Yep, it always sounds tempting. Everyone would like to become rich. If the criminal manages to awaken such hope in the victim's mind, it may be hard to persuade the person not to take further steps leading him to getting robbed. Probably more than 90% of the popular Nigerian fraud schemes are based on some form of promise of fast enrichment. But that's not the only way deceitful people act in order to take advantage of our greed. Have you never received an e-mail or an sms containing an information that you're a winner in a lottery you hadn't even heard of before? That's their way to make you send expensive sms messages or in any other way start making stupid decisions from which they will benefit. No matter if it's a Nigerian fraud or a lottery scheme - later on you will quickly learn about new expenses, "requirements" and "procedures" to receive your long awaited prize. The scammer will make you pay more and more, exploiting your fear of missing a lifetime opportunity. One thing can be sure of - you will never see the prize.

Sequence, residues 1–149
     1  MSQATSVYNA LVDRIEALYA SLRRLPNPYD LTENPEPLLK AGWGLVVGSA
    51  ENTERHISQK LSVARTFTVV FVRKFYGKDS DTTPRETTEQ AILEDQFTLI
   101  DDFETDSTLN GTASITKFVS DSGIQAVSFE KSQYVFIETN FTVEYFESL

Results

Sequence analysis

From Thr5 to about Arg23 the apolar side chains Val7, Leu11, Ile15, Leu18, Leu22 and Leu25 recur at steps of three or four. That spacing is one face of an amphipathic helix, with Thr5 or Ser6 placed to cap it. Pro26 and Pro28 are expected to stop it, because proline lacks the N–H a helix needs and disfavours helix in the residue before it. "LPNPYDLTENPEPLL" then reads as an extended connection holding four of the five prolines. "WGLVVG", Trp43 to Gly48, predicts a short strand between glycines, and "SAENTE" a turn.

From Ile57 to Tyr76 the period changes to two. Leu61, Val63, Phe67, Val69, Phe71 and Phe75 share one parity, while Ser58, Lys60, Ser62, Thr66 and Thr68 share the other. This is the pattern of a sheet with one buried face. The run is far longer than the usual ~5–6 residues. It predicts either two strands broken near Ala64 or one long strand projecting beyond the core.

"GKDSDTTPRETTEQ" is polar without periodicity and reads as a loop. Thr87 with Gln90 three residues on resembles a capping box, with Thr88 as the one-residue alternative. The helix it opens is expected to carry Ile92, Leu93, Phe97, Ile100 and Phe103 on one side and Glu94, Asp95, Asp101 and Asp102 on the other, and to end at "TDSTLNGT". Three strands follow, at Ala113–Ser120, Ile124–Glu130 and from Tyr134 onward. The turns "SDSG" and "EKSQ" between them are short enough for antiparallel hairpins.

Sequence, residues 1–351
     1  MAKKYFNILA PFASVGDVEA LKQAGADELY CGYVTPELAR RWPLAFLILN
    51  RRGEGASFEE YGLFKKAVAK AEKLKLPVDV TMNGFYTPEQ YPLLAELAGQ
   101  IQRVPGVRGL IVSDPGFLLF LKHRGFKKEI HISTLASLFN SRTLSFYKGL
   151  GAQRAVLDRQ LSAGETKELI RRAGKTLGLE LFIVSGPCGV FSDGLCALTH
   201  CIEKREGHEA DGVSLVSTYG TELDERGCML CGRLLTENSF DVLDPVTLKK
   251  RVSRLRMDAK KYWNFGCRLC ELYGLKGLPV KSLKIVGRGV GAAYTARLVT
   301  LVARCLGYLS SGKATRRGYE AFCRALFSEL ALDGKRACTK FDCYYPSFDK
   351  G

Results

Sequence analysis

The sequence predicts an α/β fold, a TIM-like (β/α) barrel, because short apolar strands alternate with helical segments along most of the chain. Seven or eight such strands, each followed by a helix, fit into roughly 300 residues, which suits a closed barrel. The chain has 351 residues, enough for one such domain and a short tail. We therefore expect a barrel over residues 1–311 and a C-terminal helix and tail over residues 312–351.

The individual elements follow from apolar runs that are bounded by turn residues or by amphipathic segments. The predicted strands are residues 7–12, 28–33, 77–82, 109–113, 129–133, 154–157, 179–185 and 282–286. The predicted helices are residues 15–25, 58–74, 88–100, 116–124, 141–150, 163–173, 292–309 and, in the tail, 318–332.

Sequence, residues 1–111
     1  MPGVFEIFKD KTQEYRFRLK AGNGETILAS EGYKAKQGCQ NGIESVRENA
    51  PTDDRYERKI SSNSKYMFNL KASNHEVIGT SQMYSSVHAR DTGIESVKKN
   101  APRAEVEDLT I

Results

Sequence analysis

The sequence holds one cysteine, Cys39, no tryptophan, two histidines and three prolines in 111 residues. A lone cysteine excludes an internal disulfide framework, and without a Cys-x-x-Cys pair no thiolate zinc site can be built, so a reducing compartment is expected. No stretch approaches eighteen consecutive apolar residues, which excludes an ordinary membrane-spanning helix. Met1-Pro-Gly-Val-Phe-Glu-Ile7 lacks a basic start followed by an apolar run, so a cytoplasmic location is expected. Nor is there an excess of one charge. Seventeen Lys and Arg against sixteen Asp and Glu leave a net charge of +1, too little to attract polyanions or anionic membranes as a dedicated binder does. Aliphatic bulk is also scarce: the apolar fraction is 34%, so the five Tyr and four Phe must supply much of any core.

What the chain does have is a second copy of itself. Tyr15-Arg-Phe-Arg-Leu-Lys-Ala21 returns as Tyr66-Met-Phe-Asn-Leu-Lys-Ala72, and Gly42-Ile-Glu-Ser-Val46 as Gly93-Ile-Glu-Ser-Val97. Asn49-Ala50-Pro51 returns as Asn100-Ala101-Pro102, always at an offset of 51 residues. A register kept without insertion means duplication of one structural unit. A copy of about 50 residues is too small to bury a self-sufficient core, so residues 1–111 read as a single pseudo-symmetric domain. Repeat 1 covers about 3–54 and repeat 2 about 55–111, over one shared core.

In order not to fall in this trap you must learn some simple truths about life. There is no easy money and there is no Santa Claus waiting to flood you with his gifts. If some entity previously unknown to you pretends to be the latter, you can be sure that there's already a thief's hand reaching for your wallet. Good business opportunities, possible ways of enriching yourself fast, chances not to be wasted - such things happen. But not really that often as naive people could believe. Below I would like to present three episodes of Singaporean series "Crimewatch" showing examples of criminal fraud based on exploiting the victim's hope of enrichment.




2. Everyone can claim to be a member of a state authority. Not everyone actually is.